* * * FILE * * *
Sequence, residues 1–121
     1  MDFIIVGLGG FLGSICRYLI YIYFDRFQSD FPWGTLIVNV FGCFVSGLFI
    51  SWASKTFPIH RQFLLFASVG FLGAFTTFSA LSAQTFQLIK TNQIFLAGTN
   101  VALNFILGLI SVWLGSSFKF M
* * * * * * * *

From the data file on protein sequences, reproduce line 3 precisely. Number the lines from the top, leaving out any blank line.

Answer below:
    51  SWASKTFPIH RQFLLFASVG FLGAFTTFSA LSAQTFQLIK TNQIFLAGTN